Experiencing God – ngram

Last week I looked at some of the upward trends in what we tend to talk about. One of those was “experiences.” It would seem we are increasingly interested in experiencing life. I suspect that means such things as fine dining and travel, but probably also a lot more.

What I found interesting is how that concept also showed up, fairly recently and very strongly, in the Church.

As always, here’s a link to the first article in this series if you don’t know about Google’s ngram viewer.

I cannot tell you how many times I’ve been told that one of the key features of the Christian Faith is that we experience God. Interestingly, that’s apparently only been a key feature of the Faith for about 40 – 50 years.


As our interest in “experience” slowly grew over the past couple of centuries, eventually our interest in “experiencing God” also took off. We are told to “experience God” and consider ourselves blessed if we “experienced God.” All these variations took off around…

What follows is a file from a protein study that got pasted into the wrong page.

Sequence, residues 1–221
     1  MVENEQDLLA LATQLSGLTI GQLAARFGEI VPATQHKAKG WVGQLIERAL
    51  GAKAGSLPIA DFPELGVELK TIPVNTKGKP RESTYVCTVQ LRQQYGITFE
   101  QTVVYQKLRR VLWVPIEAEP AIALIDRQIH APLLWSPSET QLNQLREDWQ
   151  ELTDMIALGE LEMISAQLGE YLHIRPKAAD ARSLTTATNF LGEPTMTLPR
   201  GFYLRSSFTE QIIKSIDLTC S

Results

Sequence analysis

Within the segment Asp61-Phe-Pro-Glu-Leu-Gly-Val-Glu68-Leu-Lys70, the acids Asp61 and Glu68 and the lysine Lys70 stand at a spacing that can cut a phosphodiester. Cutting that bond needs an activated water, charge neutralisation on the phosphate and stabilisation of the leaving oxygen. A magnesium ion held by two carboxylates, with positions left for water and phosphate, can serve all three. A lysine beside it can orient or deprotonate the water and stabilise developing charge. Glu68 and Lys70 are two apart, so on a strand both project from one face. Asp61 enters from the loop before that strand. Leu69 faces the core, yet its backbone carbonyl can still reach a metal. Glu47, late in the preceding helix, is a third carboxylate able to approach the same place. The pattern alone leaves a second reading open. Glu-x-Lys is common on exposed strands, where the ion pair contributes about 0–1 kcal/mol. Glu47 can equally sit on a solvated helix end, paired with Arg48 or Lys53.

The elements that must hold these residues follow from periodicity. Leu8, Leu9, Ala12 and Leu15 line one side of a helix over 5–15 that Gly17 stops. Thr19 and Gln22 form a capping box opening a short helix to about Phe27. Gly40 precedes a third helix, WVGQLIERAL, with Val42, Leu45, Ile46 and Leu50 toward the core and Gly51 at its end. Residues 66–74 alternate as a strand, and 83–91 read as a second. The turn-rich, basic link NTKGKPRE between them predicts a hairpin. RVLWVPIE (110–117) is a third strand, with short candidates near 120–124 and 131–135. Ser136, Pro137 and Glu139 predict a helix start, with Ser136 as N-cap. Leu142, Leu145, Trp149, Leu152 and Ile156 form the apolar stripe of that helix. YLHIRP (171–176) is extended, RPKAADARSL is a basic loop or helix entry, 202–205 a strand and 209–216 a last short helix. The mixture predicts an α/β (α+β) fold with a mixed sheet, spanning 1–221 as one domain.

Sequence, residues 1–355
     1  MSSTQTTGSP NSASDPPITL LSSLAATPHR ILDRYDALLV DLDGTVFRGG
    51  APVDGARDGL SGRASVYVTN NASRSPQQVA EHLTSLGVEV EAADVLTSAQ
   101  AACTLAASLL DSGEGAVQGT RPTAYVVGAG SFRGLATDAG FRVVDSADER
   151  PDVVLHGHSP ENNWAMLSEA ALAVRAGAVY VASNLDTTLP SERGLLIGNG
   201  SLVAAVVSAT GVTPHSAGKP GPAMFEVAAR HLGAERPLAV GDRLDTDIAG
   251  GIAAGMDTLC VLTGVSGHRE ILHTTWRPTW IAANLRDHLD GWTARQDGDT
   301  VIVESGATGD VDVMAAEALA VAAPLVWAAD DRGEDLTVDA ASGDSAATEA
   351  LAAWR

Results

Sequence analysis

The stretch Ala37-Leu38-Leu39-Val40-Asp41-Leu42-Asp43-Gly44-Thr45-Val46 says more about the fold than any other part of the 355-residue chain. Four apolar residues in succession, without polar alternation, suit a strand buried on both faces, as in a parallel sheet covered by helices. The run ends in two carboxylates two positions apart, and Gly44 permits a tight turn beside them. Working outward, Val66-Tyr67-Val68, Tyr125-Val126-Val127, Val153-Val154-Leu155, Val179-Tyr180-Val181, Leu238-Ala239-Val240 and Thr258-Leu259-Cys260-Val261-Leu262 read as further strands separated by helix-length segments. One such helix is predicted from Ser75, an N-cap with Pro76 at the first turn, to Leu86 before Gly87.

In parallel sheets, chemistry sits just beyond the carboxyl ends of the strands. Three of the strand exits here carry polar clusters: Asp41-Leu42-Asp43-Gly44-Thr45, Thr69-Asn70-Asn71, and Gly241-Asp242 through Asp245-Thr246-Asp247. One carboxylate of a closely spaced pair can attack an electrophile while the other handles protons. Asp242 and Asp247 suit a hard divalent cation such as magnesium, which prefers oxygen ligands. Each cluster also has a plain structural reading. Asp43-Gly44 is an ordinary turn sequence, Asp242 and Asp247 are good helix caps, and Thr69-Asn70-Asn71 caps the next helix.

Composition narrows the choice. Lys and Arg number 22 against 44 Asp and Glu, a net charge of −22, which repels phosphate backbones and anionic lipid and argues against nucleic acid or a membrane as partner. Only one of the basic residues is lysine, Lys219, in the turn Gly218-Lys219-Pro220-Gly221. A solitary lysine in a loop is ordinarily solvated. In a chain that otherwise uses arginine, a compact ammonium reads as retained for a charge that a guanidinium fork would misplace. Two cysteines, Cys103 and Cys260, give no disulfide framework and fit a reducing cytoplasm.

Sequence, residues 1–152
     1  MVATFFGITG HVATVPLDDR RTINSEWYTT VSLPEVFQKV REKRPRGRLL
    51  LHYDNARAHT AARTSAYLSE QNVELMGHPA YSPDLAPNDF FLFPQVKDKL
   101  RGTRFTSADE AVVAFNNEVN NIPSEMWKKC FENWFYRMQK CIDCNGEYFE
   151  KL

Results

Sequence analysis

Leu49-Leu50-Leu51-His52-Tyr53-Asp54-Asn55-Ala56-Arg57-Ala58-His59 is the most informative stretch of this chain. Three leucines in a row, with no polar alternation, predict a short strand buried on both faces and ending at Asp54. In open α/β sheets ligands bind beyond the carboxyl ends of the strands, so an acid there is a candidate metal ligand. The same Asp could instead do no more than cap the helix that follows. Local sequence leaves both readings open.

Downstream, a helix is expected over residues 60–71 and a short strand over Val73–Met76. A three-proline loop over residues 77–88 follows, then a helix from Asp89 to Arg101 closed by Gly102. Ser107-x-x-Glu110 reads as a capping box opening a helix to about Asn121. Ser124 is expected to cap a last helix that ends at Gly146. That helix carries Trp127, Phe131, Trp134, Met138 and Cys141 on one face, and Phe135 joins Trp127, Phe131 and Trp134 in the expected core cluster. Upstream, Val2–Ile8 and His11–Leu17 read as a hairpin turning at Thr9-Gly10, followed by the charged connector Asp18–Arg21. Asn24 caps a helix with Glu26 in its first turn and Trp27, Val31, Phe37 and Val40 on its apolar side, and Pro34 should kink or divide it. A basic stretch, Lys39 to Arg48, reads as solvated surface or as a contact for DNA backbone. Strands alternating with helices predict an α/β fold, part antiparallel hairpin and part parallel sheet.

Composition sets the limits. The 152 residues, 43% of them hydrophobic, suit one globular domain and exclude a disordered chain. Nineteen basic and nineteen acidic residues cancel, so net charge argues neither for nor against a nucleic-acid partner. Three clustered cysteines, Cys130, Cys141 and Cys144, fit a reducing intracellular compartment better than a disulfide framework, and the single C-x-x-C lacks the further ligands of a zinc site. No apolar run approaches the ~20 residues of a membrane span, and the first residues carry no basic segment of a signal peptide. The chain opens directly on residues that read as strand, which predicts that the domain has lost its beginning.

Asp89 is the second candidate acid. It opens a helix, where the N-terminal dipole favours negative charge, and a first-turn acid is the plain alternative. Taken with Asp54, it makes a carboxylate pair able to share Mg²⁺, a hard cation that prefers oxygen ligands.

[For the record, the famous book Experiencing God was first published in 1976 so it was clearly not the cause of this shift in our language, but written in the context of that shift.]

There seem to have been a lot of cultural transformations that took place at almost the exact same time in history – the 1960’s – and our desire to “experience God” was one of those changes. That should raise questions. To what extent was this language used by the Church independently of society, or to what extent did society at large start seeing religion from that perspective and the Church just followed along? I don’t know for sure, and the ngram viewer doesn’t directly answer that.

I would suggest there is a hint in the fact that “experience” underwent an extended rise in popularity, and that the concept of “experience” only really showed up in religious language much later. To me that strongly implies that society led and the Church followed.

Though we cannot say for certain, next week I will look at a few other phrases and words that strongly suggest it was society at large that took the lead, and we’ve been dancing to their tune ever since.